Software Developer

RubyConf Mini 2022 Recap

RubyConf Mini 2022 🔗

RubyConf Mini wrapped up last week in Providence, Rhode Island. This post documents the list of talks I saw. It’s not intended as a review of any of the talks, but to highlight the variety of great work from all involved. I hope you’ll seek out the full videos of all the sessions that interest you, once they are available.

Day 1 🔗

The day started with an opening address, which I’m sure was lovely, but I’ll admit I was a bit distracted. The reason being that I got on stage directly after. Thanks to everyone who attended my session; it was great to see you all.

After that, I moved rooms to see Jeremy Smith’s talk, “Solo: Building Successful Web Apps By Your Lonesome”. The perspective of this talk was from a place of working alone. But, no matter your team size, the conclusions in this session are valuable and relevant.

Next I attended Stephanie Minn’s “Empathetic Pair Programming with Nonviolent Communication”. I appreciated how Stephanie showed how to re-word comments in more actionable and helpful ways.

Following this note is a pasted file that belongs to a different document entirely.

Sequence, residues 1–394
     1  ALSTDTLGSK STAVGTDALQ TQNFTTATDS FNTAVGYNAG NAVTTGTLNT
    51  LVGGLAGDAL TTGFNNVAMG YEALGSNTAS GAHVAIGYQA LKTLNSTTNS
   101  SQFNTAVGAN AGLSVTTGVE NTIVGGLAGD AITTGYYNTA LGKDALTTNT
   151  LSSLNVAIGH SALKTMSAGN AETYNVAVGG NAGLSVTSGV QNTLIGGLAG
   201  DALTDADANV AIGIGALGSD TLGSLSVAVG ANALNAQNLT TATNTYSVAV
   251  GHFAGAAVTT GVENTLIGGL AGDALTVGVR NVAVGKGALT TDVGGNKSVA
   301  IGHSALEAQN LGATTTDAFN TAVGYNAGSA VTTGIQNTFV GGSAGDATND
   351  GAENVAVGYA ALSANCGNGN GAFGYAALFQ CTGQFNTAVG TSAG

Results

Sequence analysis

Lindsay Kelly spoke next on “Knowing When To Walk Away”. This talk provided good questions to consider when evaluating your current job satisfaction. Questions to ask whether you’re actively making a plan to leave a role or not.

We next heard from Barbara Tannenbaum in the first keynote on “Persuasive Communication”. The speakers I spoke with after were excitedly applying these tips in their sessions. Even if you’re not public speaking, there’s much to learn here.

The agenda for the day wrapped up with a Podcast Panel. All those voices you hear in your headphones are real people! Brittany Martin, Julie, Drew Bragg, Joël Quenneville and Andy Croll all took part in this conversation. I believe you should expect to hear it soon in your podcast feed, if you follow any of their shows.

Day 2 🔗

I started the second day by throwing something out on social media that I want to highlight here. If you find yourself at a conference, and you see a speaker after a talk you were at, let them know that you were there. If there was something you liked about it (particularly if it’s specific), tell them!